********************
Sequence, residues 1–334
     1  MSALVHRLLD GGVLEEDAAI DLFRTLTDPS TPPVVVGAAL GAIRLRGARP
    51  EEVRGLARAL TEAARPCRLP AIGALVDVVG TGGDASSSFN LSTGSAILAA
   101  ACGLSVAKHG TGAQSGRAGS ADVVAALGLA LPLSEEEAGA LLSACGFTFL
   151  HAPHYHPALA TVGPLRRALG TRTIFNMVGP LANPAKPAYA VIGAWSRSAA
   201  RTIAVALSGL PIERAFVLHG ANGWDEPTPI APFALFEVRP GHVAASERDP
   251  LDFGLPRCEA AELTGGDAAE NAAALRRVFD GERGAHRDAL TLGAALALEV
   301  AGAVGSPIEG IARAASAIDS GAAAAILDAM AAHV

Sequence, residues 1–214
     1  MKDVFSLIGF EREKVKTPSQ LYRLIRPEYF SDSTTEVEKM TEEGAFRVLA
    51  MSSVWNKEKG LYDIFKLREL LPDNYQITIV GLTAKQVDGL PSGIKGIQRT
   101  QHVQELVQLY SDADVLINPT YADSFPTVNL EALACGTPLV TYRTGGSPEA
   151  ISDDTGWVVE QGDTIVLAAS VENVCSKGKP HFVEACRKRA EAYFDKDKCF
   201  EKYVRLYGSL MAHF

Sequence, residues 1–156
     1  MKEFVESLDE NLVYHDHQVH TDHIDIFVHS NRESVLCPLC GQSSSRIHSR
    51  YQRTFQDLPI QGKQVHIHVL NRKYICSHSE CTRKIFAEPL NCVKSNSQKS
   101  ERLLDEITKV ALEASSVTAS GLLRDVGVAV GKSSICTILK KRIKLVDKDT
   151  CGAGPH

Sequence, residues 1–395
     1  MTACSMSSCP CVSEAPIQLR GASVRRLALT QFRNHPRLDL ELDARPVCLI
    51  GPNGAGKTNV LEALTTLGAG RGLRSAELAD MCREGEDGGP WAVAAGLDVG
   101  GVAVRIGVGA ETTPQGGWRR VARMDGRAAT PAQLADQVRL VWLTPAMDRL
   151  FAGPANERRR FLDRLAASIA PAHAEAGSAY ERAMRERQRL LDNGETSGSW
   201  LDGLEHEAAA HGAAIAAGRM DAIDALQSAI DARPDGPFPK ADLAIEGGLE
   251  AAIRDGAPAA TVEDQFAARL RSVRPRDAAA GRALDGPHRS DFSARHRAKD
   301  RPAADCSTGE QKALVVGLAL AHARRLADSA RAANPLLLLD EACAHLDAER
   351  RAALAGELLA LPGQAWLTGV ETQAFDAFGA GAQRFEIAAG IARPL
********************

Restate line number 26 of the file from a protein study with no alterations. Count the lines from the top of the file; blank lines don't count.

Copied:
   251  AAIRDGAPAA TVEDQFAARL RSVRPRDAAA GRALDGPHRS DFSARHRAKD